I wanted to participate in Becca’s Blogtoberfest at www.ladyornot.com so I chose to write a horror short. This is both my first crack at horror and my first short story. Part II will be posted Sunday morning. (“Fay” will be posted on Saturday as usual, and “Wall Grimm” resumes every other day beginning Monday). Would love to hear some feedback on my first attempt at horror. Thanks for following and have a look at Becca’s blog!
“The Stalker” Part I
by Sage Doyle
The pavement was laid before him in a maze of cracks and niches, unlevel foot paths, and pits dropping to the street or into the gutter. Time spent with his mother manifested an emotional standpoint similar to the sidewalk. She pressed him about his mourning, or lack thereof. His deceased girlfriend Cara spread over his life during the course of the last four years since his age of twenty-three. Her absence was less a vacancy, but more of a thickening, like rain in an open grave. Eventually the grave would become a gaping hole filled with mud. Allan never cried nor showed remorse or pain. Instead, he put the entire relationship and her death out of his mind as much as he possibly could.
After five months following Cara’s death, Allan moved to a new town and began a new job. He was endeavoring, as we all do at one time or another, to start over, begin anew. Surrounding himself with different people and environments had the potential to be a good thing, in many circumstances, but for Allan, it was an attempt to escape. Allan didn’t know that avoidance was an impossibility.
Seeing his mother was always a trial, and retreat was a necessary liberation. This time was particularly trying since it was his first visit back to his old town, assaulted by old memories upon his return. He aimed to think of positive things, such as the girl he recently met. She was a pretty thing at his new job and he had a date with her that evening. He didn’t know as he walked along the pavement that he would learn the news about her brutal murder the following day. By tomorrow this time, she would be found by her own mother, having not only been strangled, but the perpetrator’s thumbs would also have forced their way into the crevice at the bottom of her neck. His thumbs penetrated and tore apart her pretty throat.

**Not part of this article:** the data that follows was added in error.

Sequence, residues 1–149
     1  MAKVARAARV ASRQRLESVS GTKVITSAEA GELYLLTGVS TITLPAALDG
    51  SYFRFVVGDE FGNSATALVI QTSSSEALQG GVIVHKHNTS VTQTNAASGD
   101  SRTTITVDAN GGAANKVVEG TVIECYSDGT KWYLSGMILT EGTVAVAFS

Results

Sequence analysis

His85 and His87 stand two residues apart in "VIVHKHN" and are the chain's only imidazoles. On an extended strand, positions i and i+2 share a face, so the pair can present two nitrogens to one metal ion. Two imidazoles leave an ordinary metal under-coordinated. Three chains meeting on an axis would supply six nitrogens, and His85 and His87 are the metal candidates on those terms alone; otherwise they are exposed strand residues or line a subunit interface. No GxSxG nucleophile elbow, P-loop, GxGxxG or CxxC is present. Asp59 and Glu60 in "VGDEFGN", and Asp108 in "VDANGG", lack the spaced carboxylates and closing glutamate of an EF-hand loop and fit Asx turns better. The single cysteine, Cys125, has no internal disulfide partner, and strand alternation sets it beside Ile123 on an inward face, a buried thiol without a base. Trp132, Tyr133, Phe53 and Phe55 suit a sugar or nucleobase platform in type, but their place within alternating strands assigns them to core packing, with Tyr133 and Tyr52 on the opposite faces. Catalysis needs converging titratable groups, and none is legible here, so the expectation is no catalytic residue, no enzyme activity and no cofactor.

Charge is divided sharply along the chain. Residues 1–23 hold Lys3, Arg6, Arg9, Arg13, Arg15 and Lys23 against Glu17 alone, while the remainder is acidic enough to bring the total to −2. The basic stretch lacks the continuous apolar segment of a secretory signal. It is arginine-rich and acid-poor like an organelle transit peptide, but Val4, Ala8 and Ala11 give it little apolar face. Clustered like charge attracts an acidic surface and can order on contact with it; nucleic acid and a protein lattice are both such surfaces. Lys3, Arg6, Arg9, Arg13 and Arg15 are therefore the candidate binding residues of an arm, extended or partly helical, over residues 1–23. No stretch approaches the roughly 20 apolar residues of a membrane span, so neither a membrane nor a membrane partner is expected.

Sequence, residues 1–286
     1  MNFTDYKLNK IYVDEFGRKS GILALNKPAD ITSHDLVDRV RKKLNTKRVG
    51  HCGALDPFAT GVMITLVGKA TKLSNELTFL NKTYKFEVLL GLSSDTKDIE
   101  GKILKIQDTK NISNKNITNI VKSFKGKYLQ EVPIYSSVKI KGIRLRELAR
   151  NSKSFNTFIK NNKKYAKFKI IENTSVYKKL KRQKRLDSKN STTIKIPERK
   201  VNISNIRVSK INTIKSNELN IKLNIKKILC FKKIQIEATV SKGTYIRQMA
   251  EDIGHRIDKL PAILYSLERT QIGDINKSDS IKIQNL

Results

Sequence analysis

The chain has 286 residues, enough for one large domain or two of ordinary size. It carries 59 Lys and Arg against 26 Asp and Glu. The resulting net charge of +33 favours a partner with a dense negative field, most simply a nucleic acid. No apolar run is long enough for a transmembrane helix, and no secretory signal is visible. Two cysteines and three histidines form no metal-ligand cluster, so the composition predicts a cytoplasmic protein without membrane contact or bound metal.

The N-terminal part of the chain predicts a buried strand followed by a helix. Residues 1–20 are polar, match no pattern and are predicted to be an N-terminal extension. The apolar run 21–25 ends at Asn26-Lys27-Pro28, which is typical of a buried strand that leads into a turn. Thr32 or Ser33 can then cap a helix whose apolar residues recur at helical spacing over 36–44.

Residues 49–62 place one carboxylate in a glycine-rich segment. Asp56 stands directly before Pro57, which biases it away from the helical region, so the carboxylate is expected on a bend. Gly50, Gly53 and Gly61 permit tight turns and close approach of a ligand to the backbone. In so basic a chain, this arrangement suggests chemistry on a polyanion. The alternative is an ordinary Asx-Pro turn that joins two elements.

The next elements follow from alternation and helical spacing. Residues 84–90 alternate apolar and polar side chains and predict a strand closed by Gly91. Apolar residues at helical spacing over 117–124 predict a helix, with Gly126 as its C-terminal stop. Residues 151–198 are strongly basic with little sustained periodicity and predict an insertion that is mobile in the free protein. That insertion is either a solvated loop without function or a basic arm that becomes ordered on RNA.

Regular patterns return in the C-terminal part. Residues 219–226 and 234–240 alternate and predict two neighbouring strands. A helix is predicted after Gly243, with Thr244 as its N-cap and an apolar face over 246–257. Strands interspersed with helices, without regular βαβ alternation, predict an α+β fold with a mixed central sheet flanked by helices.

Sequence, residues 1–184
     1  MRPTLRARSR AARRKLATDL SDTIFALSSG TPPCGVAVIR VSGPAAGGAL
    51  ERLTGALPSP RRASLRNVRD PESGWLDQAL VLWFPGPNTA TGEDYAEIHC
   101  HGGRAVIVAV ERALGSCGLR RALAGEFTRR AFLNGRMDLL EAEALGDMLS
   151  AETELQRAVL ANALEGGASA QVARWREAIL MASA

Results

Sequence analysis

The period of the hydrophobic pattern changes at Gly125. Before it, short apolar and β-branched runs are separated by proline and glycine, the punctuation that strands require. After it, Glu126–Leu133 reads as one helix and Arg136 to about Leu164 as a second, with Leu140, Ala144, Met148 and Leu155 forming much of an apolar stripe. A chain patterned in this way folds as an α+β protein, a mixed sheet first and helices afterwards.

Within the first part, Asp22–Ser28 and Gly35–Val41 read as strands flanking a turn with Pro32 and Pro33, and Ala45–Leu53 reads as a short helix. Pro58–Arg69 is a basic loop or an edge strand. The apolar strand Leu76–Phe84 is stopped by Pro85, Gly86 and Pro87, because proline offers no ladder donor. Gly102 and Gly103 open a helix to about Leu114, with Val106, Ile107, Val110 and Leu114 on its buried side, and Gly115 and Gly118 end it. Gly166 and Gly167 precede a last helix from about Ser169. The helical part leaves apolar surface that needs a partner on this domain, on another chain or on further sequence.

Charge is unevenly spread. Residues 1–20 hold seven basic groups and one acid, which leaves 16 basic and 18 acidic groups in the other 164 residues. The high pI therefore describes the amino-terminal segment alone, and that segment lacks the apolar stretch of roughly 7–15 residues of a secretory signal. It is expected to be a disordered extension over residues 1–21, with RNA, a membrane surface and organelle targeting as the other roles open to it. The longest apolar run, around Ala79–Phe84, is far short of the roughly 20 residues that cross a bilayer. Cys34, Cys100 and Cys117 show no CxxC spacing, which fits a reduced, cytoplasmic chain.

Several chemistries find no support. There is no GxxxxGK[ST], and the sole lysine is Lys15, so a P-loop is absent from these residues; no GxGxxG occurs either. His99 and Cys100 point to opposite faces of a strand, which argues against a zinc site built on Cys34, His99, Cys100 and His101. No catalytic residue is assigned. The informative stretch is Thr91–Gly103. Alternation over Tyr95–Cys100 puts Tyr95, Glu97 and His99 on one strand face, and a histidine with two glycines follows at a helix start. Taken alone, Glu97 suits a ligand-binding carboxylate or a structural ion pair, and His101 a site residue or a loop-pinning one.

Allan was questioned by police, since he was the last person known to see her alive. They eliminated him as a suspect, yet this was only the first of the murders that followed Allan in his new town. While Allan’s landlord was away on business, his wife needed Allan to help her move boxes out to a truck, which he drove to storage, and unloaded the boxes into her unit. She was slashed up with a box cutter. Her face was butchered to an unrecognizable degree. Again Allan was questioned by police. A psychological interrogation as well as a polygraph test, which Allan willingly submitted to, proved him to be innocent once again.
The homicides which ensued involved no personal connection to Allan, apart from brief, insignificant interactions. A cashier at the liquor store winked at him as he was collecting his bottle of wine and turning to leave. She was asphyxiated with a plastic bag, while her wrists were bound behind her to her ankles with packaging tape. Seven other barbarous yet apparently random killings occurred shortly after Allan chanced upon the victims. It seemed as if the only woman he encountered who was not murdered was his mother, as the homicides took place over the course of a month and he had seen his mother regularly during that time. Allan began to be a little suspect, since his mother was by nature a cruel and often sadistic woman. She gave birth to Allan when she was fifteen years old, and had always requested that Allan call her by her first name of Gwen. Gwen despised Cara, and at the start of Allan’s relationship with Cara, Gwen did everything in her power to destroy it. She created a chain of rumors brilliantly reaching Cara’s knowledge, suggesting Allan’s lies and infidelities. Allan was a good natured, honest boy, regularly a victim of both Cara and Gwen as they competed and battled until the day Cara died.